My kid has now failed college

Maintenance obligation after dropping out of studies and transition period

Dear person seeking advice,

I would be happy to answer your questions as follows:

Basically, the following applies initially: According to Section 1610 (2) BGB, child maintenance is owed until the completion of initial vocational training.

According to the highest court rulings, this maintenance claim is to be regarded as forfeited if an adult child breaks off an education without looking for a new job and thus becomes unemployed. The parents do not bear the risk of the child becoming unemployed. In such a case, maintenance is owed for a reasonable transition period. The assessment of "appropriateness" is always an individual decision that must take into account the exact circumstances and reasons for the termination. A period of up to 3 months will often have to be assumed here.

The statements made above also apply in principle to discontinuing training due to reorientation and starting a new training. At most, if the child makes the decision to change the professional direction for understandable reasons shortly after the start of the training, the subsequent training will also have to be financed by the parents. The reorientation phase to be granted usually ends after 3 semesters for students.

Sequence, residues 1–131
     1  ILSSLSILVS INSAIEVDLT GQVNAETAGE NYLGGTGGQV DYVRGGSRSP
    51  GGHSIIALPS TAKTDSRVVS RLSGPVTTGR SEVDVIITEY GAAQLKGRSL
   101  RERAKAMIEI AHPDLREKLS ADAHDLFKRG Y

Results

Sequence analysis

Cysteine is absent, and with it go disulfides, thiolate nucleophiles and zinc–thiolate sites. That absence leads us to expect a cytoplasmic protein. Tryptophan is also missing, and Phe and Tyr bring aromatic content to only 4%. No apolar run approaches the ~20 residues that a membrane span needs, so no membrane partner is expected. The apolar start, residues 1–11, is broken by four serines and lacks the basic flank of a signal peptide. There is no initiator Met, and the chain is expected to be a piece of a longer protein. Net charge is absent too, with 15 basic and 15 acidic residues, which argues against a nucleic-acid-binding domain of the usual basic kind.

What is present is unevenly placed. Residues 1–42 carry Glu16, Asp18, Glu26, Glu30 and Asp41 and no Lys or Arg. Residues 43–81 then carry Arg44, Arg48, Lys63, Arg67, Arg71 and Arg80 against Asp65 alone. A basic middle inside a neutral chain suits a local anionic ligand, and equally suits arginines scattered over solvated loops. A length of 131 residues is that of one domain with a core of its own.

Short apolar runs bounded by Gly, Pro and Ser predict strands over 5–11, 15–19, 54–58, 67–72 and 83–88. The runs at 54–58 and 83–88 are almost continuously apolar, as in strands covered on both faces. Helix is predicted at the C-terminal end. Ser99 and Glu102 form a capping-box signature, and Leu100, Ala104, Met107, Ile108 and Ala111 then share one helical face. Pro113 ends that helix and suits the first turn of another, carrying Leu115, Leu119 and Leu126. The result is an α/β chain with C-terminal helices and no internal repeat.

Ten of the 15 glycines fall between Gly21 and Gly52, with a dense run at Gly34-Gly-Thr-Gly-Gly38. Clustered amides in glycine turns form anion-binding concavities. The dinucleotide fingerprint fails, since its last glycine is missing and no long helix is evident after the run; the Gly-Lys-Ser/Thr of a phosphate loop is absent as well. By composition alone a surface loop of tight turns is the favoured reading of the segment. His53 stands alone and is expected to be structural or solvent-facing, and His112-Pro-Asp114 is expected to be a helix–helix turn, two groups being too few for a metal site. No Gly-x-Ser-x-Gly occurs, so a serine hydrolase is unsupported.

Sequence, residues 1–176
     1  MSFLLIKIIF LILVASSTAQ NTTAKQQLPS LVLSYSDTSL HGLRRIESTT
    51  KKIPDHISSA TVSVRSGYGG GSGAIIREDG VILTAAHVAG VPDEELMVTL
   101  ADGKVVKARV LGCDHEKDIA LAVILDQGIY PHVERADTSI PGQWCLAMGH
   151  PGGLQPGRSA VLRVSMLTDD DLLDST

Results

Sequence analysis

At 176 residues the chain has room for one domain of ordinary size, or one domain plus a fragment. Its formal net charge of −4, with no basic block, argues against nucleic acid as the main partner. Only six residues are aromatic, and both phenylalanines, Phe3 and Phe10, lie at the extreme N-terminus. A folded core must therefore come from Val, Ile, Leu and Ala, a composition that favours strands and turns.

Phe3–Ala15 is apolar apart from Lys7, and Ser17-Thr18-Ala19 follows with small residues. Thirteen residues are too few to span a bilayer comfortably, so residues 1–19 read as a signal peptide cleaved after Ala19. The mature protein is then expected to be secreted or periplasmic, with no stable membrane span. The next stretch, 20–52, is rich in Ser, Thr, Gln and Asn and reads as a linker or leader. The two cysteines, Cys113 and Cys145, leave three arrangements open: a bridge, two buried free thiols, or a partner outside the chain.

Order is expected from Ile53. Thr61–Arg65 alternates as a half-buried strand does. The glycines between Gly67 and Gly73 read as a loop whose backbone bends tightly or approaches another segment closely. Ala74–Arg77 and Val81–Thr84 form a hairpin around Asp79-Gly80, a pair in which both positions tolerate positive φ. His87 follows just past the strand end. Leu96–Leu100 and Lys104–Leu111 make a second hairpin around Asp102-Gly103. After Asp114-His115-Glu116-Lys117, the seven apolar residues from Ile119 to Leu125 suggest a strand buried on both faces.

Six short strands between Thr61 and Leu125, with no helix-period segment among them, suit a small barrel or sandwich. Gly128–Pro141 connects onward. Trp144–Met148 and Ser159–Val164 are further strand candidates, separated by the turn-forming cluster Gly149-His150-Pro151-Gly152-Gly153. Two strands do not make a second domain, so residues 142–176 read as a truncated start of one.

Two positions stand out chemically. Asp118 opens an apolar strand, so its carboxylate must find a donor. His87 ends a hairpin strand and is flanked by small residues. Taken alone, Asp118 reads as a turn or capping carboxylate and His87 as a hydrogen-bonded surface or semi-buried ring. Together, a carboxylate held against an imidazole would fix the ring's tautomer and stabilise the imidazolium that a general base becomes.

At least the last-mentioned requirement is not met in the case you have described, which is why you are not or no longer obliged to finance further training.

Otherwise, the following applies: The amount of the maintenance claim of an adult child is determined from the combined income of the parents. The adult child must have his or her own income and child benefit offset against the payment amount determined in this way, taking into account training-related costs. Only then is the amount of maintenance to be borne by the respective parent determined. Child benefit payments are of course taken into account as long as they are actually paid to the child.

If I overlooked any questions, please use the inquiry function.

With best regards

Wundke
Lawyer